ISTANBUL — Pope Francis’s reference to the 1915 Armenian massacres in the Ottoman Empire as “the first genocide of the 20th century” was part of an international conspiracy against Turkey’s government, Prime Minister Ahmet Davutoglu claimed on Wednesday.

“Currently, an evil front is being formed against us. Now the pope has joined this conspiracy,” “Hurriyet Daily News” quoted him as telling members of the ruling AKP party who will run in Turkey’s general elections slated for June 7.

Davutoglu said the anti-AKP “front” consists of not only external powers but also Turkey’s two main opposition parties .

The AKP government led by President Recep Tayyip Erdogan reacted angrily to the pope’s statement made at a Vatican Mass dedicated to the 100th anniversary of the Armenian genocide. It accused Pope Francis of distorting history and recalled Turkey’s ambassador to the Holy See in protest.

“We are ready to discuss historical issues, but we will not let people insult our nation through history,” said Davutoglu.

Erdogan similarly condemned the pontiff on Tuesday, warning him to not repeat the “mistake.”

In his statement, Erdogan said, “I saw a different politician during our meetings. I am not saying religious figure, I saw a different politician. But after these statements, I unfortunately saw the difference in both his political identity, and his stance as religious figure, entirely as the manifestation of a very, very different mentality, of a perception that throughout history has caused the slaughter of millions of people”.

“I would like to state that we will not allow historical events to be removed from their context and rendered tools of a campaign against our country” Erdogan continued, and forwarded the debate to historians with the words, “We open all our archives. If they have any, Armenia should open its own, too, and present its documents. We are also prepared to open the archives of our armed forces.” Erdogan said:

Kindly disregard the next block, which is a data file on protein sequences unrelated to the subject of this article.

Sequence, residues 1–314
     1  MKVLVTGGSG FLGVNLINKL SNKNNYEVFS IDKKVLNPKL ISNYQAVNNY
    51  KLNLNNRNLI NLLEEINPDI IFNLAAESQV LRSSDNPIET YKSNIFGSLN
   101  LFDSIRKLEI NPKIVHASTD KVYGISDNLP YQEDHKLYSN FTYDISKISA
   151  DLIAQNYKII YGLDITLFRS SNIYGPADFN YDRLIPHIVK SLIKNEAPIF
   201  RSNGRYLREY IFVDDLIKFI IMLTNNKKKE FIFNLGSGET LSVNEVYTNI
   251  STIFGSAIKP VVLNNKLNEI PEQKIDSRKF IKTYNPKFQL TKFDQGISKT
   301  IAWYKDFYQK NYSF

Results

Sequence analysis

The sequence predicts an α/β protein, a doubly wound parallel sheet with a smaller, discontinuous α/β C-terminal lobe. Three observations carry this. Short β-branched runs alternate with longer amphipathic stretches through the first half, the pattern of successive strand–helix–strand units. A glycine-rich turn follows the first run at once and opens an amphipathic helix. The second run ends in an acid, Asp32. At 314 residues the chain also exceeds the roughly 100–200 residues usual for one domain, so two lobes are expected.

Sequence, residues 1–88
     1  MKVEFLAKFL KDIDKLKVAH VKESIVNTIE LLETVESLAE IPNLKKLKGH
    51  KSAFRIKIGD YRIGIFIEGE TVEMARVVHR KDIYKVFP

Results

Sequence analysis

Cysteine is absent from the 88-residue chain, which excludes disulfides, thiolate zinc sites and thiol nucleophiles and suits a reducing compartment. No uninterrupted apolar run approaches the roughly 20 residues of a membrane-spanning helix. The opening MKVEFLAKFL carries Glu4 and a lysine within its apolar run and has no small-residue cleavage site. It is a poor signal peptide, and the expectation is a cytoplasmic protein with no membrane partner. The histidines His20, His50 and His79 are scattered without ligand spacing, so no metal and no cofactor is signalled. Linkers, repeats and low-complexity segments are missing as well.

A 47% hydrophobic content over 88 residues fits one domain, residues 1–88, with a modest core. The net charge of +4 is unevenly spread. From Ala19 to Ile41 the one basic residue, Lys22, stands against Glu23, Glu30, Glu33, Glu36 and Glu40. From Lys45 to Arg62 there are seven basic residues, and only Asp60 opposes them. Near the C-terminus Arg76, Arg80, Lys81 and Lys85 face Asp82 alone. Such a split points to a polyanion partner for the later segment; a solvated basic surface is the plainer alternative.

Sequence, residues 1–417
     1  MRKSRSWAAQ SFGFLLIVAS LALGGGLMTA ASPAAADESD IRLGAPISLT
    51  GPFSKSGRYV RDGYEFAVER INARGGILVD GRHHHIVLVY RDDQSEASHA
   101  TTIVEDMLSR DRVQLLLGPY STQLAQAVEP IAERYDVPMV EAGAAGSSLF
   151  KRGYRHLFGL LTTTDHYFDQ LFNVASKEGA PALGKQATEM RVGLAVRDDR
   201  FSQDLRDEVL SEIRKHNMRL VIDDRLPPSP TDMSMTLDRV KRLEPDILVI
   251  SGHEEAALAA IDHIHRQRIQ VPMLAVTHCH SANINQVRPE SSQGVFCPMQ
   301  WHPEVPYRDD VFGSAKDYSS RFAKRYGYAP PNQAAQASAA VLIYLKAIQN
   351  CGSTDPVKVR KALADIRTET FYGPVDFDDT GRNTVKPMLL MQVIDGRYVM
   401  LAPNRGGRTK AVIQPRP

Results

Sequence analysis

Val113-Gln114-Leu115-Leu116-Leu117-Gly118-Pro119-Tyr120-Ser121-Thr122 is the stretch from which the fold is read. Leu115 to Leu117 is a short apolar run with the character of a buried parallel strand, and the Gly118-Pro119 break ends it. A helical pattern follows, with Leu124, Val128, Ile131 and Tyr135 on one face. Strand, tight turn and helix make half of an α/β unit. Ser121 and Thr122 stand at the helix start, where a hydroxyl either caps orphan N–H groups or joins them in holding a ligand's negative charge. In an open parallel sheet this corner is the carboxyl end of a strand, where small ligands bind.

“But you are not willing to do that, you are trying to get results to the detriment of Turkey only through political lobbies, and with the very ugly relationship formed unfortunately the Armenian Diaspora. When politicians and religious figures assume the task of the historian, it produces not truth but delusion. I repeat my call for a commission, and want to underline that we are prepared to fully open our archives. And I condemn and warn the Esteemed Pope hoping he probably won’t make such mistakes again.”

Pope Francis defended his stance the day after the landmark liturgy in St. Peter’s basilica attended by Armenia’s top political religious leaders. Speaking at a morning Mass, he said the Catholic Church is right to spread a “message of frankness and Christian courage” around the world.

“We cannot keep silent [about] what we have seen and heard,” Francis said, according to Radio Vatican. He cited the examples of the apostles Peter and John, who he said defied threats to their life to preach the truth.

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